Cultivating in the sense of taking care, doesn’t absolutely lead to cement. Let’s not run too much. We must use concepts like instruments, but not manipulate them. All my work is based on giving basic concepts, instruments, levers to move things, but if we banalize them, if we look for an immediate practical application of them, everything flakes. Ideas must be used to think, they must be translated in action, yes, but with calm, they must mature.
It’s about not being afraid of abstractions, even if they apparently might seem senseless, because they are an excellent instrument through which looking at the world.
The only way to understand things is to make a small model that can be hold in hand, to alienate them from the everyday.
P: Is a contemplative gaze a gaze that finds beauty without looking for it?
L. T: From observing the flight of birds, that augural voice, I turn to the most extensive meaning of raising the gaze and the thought towards something, that would rouse astonishment or reverence, to which giving attention with a prolonged and intense act. Staring at, intensely observing. Fixing the thought on divine things, so that it would not care about anything else in the world, and only those to be of consolation and delight.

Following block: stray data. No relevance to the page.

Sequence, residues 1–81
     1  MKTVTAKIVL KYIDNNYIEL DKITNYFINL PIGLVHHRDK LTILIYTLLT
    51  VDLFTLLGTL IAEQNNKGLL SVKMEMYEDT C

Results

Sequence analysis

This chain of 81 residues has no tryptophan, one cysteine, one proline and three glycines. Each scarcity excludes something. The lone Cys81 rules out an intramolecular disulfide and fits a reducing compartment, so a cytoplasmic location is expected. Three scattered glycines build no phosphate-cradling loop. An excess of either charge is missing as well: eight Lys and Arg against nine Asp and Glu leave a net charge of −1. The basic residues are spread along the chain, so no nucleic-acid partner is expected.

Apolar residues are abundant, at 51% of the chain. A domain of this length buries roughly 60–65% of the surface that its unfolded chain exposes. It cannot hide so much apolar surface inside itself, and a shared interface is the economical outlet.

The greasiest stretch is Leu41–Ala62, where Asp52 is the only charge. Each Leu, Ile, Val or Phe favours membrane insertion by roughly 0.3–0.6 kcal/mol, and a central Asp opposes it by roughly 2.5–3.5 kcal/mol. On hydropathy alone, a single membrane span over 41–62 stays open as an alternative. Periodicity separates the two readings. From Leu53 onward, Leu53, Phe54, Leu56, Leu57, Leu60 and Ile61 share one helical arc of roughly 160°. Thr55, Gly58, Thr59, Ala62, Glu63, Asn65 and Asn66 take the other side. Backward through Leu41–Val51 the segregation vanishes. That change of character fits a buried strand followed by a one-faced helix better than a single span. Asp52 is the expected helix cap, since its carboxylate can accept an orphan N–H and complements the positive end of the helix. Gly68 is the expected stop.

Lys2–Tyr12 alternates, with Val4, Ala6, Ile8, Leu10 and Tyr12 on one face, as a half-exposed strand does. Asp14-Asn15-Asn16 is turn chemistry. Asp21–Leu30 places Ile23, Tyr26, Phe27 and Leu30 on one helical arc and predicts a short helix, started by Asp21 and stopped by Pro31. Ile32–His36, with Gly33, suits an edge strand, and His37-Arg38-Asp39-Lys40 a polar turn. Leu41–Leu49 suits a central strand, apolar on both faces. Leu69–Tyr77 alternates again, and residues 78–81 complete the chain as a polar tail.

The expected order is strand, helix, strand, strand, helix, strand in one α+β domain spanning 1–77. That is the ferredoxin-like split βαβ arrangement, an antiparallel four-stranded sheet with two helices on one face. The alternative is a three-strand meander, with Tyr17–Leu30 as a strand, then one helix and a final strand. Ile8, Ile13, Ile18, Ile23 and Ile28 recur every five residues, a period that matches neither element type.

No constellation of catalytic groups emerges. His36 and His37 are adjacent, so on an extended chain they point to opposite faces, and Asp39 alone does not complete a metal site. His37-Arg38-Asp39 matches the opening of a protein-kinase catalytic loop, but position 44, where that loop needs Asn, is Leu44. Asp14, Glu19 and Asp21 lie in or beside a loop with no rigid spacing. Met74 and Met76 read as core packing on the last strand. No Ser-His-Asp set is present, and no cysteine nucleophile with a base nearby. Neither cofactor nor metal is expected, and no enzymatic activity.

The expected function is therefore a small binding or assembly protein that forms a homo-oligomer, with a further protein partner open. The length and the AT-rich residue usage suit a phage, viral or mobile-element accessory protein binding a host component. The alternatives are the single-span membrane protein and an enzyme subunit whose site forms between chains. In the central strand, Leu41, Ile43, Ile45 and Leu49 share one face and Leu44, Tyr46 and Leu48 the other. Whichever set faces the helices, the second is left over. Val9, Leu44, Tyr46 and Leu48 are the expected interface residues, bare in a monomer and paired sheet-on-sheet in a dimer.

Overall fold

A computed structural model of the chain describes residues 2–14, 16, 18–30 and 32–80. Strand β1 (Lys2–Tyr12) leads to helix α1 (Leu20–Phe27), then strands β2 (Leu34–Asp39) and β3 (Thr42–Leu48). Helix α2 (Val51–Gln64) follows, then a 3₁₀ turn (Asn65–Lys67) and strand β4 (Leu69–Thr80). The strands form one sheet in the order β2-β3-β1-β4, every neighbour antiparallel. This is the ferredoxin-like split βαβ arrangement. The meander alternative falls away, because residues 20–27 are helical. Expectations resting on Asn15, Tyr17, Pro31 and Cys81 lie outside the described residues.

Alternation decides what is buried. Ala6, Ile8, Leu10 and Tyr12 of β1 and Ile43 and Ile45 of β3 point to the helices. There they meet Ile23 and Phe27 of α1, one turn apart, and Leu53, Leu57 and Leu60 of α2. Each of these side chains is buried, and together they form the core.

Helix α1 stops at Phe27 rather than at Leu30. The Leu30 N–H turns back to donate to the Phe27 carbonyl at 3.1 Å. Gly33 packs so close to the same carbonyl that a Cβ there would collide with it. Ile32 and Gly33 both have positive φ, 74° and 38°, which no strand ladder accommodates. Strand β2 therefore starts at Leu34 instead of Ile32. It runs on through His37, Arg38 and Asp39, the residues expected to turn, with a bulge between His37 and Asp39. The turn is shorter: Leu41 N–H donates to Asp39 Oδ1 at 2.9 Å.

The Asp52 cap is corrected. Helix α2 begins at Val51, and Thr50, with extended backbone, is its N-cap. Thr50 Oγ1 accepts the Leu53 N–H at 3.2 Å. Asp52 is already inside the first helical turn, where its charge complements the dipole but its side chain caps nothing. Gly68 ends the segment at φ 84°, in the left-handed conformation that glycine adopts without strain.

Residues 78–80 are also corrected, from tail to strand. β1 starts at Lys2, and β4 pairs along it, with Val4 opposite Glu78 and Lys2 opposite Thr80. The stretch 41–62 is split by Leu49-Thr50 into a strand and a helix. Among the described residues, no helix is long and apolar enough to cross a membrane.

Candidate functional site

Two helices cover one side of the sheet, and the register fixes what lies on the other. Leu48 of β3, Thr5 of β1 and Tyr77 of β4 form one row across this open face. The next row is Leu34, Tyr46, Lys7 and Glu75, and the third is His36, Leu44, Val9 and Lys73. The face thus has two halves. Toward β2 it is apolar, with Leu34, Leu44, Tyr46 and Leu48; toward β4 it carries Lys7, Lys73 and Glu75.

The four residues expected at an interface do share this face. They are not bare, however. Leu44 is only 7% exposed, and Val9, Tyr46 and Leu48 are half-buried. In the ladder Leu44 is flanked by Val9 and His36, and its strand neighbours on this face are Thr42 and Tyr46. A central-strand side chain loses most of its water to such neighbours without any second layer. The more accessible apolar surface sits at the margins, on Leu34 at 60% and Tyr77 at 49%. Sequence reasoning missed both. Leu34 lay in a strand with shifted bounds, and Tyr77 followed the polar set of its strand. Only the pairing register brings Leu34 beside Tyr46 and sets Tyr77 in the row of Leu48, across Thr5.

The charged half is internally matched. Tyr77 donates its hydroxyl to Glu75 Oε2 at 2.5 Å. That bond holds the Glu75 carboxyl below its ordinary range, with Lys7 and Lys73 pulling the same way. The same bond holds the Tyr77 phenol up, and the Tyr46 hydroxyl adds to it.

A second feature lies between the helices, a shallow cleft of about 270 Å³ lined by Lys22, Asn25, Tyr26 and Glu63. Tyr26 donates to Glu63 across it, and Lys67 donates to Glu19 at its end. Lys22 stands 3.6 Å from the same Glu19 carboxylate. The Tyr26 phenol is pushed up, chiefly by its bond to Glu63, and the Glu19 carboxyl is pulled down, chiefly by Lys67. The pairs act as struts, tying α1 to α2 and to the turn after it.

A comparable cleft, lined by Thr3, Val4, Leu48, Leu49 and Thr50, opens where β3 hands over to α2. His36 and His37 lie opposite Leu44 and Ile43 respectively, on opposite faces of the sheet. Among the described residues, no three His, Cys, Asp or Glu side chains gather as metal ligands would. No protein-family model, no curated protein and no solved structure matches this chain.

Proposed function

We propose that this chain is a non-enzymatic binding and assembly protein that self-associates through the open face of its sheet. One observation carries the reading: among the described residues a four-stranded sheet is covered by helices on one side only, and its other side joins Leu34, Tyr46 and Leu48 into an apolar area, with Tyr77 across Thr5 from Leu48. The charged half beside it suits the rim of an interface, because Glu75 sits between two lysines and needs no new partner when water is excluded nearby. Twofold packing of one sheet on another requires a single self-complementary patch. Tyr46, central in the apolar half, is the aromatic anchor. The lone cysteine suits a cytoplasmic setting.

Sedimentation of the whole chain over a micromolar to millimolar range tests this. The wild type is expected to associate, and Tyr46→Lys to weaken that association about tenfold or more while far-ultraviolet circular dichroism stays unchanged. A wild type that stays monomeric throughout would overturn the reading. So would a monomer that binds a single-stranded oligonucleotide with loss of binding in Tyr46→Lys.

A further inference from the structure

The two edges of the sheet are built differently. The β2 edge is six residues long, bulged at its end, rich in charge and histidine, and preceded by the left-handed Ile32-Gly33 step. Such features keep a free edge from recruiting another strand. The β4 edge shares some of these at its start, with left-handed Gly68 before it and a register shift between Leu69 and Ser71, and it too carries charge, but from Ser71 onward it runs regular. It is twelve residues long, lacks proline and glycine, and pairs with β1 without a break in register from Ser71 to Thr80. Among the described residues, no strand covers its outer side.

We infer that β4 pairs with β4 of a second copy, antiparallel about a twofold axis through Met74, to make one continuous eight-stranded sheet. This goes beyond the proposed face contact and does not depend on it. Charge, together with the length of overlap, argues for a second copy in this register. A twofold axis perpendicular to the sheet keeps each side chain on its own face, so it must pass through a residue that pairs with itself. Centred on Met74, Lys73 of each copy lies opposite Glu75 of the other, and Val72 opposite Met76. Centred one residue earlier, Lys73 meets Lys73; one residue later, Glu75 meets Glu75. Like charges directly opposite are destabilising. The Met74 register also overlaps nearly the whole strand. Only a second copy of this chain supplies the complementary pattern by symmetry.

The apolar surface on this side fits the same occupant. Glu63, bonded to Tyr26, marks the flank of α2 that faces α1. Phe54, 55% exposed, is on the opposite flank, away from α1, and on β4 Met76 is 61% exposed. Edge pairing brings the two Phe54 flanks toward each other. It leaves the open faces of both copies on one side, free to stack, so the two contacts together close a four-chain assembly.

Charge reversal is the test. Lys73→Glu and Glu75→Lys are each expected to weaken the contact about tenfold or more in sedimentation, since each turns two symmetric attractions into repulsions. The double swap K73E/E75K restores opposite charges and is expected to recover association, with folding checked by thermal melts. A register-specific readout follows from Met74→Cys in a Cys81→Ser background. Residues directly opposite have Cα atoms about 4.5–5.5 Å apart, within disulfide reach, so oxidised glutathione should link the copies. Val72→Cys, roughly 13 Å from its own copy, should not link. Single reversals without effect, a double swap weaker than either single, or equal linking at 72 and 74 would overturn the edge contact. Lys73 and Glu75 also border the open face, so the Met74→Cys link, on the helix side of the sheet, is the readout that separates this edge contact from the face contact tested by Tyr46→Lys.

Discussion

I would not talk about beauty though. Not at all.
The research for beauty is an old mistake. Beauty cannot be programmed, as it always is the secondary effect of other researches. We must talk with images, not with beautiful images, but with useful images; they should not need words to support them, they must live alone. Words are the genealogy of images and forms, that speak for themselves. Wystan Auden said that the best way to hear Mass is without knowing the language in which it is celebrated.
P: In your notes you spoke about butterfly farms, about greenhouses, a-teleological energies, the organic module by Alvar Aalto, his concept of organic space, about what hiddenly happens on the beach of Skagen. What will you present at pinksummer? How will you articulate your project?
L.T: The show is a symphony, orchestrated with bi and tri-dimensional presences, that will find its climax in a movie, that will be called “Vodorosli”. Frozen seaweeds in Russian are called vodorosli.
I started from a module I have inherited from Alvar Aalto, I have taken the organic thought back home, inside the botanical garden of Genoa, and I treated it like a plant.
Aalto’s belief in an organic space becomes the hint for a mobile, alive formal system, built and animated inside transparent boxes. If I’m interested into giving shape to a system and see how it auto regulates itself, how it finds a balance between its parts, I would do it inside transparent boxes, cultivating it in vitro.
I was interested in seeing where the boundaries and drawings by men impose themselves on nature, and where the laws of nature win. Subjecting pure forms to corruption, to natural dynamism. I have drawn again breakwater, filled the void between the stones of a dry-stone wall, coloured with smoke candles, blocked cotyledons inside wax…
It’s about energies, but energies without qualities. Pure energies. About stages of vagueness, of definition, of realities opened to the flow, to our own determination through change.
Many thanks to the Botanical Garden of the University of Genoa.